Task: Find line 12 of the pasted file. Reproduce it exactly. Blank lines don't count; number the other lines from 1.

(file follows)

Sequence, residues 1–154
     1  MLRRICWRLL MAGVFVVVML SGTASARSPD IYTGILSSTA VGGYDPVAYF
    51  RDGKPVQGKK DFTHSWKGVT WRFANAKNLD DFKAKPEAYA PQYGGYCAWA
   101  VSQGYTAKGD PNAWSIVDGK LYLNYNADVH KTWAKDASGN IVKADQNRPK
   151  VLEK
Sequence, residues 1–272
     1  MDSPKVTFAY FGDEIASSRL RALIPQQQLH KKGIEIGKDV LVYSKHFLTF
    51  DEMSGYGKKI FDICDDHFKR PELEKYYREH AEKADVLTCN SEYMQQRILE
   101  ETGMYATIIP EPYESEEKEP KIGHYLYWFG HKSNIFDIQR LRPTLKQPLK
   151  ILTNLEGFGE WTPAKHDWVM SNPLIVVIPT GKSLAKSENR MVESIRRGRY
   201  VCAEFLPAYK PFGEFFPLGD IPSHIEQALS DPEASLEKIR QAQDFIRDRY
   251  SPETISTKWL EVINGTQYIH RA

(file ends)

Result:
   251  SPETISTKWL EVINGTQYIH RA